What Is Cogeneration?

Cogeneration, also known as combined heat and power or CHP, and total energy, is a very efficient, clean, and reliable approach to generating power and thermal energy from a single fuel source such as natural gas or biomethane. Cogeneration plants recover the “waste heat” that is otherwise discarded from conventional power generation to produce thermal energy.

This energy is used to provide cooling or heating for industrial facilities, district energy systems, and commercial buildings. Through “waste heat recovery,” cogeneration power plants achieve typical effective electric efficiencies of 70% to 90% — a dramatic improvement over the average 33% efficiency of conventional fossil-fueled power plants.

Cogeneration power plants’ superior energy efficiencies significantly reduces air emissions including; carbon emissions and greenhouse gas emissions, as well as emissions ofnitrous oxides, sulfur dioxide, mercury, particulate matter. Carbon dioxide emissions from the burning of fossil fuels is recognized as the leading greenhouse gas associated with climate change.

Cogeneration now produces almost 17% of our nation’s electricity, saves its customers around 50% on their energy expenses, and provides even greater savings to our environment.

Cogeneration, as previously described above, is also known as “combined heat and power” (CHP), cogen, district energy, total energy, and combined cycle, is the simultaneous production of heat (usually in the form of hot water and/or steam) and power, utilizing one primary fuel.

Cogeneration technology is not the latest industry buzz-word being touted as the solution to our nation’s energy woes. Cogeneration is a proven technology that has been around for over 100 years. Our nation’s first commercial power plant was a cogeneration plant that was designed and built by Thomas Edison in 1882 in New York. Primary fuels commonly used in cogeneration include natural gas, oil, diesel fuel, propane, coal, wood, wood-waste and bio-mass. These “primary” fuels are used to make electricity, a “secondary” fuel. This is why electricity, when compared on a btu to btu basis, is typically 3-5 times more expensive than primary fuels such as natural gas.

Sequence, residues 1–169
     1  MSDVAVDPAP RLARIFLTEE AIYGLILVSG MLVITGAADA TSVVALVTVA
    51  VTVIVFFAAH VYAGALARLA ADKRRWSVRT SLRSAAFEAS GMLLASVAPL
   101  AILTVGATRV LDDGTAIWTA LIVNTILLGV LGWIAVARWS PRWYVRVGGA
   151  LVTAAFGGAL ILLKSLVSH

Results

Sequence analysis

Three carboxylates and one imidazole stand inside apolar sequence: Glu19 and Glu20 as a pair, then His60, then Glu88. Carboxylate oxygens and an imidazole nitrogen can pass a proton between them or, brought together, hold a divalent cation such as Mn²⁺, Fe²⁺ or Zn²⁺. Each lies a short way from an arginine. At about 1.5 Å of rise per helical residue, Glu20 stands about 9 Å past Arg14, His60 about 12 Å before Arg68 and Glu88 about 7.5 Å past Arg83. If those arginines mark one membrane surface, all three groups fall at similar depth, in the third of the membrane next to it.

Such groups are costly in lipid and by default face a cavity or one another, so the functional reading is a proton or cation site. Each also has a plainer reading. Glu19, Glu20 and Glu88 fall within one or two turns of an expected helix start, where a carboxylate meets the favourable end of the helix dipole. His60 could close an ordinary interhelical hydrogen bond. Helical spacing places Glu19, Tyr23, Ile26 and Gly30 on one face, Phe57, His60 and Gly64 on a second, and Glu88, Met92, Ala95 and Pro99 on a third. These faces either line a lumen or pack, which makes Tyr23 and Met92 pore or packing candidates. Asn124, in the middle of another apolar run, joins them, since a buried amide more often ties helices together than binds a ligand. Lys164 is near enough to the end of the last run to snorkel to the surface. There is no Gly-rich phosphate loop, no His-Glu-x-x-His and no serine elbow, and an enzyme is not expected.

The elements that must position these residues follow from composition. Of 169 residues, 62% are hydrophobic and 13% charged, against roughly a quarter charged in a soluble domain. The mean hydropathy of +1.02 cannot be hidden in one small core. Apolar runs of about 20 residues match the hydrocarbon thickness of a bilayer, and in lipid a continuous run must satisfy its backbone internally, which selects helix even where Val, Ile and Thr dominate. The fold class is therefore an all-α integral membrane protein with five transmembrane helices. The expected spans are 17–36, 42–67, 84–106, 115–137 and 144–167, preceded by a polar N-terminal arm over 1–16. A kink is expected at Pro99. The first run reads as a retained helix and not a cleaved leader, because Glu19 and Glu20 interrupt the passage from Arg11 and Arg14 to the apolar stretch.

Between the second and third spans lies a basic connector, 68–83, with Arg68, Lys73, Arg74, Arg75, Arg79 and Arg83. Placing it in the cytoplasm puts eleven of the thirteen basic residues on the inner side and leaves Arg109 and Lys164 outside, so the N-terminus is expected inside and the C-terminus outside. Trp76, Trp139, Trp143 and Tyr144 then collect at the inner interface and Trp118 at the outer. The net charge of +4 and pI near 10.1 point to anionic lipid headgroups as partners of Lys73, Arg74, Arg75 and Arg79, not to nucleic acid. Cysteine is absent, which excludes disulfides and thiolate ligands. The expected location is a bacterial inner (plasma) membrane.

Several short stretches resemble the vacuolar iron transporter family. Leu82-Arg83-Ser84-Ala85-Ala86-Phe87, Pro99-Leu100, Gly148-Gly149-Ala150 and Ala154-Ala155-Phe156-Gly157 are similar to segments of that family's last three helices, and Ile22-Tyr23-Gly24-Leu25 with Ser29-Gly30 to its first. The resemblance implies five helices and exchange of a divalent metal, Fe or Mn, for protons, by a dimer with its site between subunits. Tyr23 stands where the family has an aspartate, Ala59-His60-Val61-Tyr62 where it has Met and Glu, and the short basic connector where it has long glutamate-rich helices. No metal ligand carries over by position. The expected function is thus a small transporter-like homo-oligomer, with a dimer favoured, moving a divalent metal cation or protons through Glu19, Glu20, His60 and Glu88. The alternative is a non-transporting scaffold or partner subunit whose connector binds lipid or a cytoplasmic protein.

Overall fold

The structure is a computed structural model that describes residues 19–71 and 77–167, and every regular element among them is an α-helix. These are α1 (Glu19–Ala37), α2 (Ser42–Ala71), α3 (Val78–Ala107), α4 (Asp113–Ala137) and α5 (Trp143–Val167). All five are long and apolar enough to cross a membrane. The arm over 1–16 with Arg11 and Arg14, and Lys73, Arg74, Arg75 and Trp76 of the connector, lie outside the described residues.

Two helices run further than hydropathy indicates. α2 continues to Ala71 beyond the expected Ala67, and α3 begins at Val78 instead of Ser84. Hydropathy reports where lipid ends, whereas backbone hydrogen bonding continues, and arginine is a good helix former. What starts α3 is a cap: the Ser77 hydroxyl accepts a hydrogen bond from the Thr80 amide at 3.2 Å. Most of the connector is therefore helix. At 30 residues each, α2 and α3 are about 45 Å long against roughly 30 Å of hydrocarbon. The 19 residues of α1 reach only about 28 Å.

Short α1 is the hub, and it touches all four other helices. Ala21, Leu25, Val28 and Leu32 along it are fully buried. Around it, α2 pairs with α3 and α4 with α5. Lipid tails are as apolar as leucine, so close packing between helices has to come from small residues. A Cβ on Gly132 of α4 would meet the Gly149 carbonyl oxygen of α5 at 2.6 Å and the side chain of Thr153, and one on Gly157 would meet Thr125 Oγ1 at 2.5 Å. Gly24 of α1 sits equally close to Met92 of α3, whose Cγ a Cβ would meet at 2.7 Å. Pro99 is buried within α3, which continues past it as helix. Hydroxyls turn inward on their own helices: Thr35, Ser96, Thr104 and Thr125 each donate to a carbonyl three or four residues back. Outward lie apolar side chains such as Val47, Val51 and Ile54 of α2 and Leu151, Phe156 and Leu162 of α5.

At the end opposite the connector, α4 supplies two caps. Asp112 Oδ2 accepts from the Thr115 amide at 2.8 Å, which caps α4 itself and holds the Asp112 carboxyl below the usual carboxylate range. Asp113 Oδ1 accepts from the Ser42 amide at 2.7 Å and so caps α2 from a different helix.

An example of a cogeneration process would be the automobile in which the primary fuel (gasoline) is burned in an internal combustion engine – this produces both mechanical and electrical energy (cogeneration). These combined energies, derived from the combustion process of the car’s engine, operate the various systems of the automobile, including the drive-train or transmission (mechanical power), lights (electrical power), air conditioning (mechanical and electrical power), and heating of the car’s interior when heat is required to keep the car’s occupants warm. This heat, which is manufactured by the engine during the combustion process, was “captured” from the engine and then re-directed to the passenger compartment.